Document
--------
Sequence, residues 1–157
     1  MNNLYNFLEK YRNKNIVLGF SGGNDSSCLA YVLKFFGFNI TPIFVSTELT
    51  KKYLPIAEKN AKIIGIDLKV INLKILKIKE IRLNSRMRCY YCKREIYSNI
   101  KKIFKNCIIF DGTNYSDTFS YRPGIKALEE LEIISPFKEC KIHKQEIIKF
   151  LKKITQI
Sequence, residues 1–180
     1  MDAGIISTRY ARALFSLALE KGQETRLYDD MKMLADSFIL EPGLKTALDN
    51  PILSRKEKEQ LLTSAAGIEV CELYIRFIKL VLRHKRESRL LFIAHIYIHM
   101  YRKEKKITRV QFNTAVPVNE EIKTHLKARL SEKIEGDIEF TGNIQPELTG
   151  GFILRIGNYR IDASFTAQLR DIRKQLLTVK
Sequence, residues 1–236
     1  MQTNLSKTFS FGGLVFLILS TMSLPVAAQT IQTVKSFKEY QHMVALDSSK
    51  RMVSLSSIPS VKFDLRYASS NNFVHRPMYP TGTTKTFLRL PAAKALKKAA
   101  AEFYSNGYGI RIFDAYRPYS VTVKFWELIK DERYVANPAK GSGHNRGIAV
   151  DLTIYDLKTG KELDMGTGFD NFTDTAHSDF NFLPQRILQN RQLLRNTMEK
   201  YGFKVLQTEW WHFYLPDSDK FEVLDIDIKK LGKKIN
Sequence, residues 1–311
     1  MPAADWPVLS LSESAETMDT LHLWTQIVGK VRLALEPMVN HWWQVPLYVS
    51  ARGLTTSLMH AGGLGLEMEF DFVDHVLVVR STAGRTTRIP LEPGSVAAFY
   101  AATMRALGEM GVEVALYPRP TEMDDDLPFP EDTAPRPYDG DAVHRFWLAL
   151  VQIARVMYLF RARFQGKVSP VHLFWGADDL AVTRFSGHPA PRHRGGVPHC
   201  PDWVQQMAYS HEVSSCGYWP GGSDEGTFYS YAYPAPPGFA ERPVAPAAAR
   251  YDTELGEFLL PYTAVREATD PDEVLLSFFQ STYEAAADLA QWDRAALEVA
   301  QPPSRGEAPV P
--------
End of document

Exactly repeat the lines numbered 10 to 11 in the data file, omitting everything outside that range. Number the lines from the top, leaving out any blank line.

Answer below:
   151  GFILRIGNYR IDASFTAQLR DIRKQLLTVK
Sequence, residues 1–236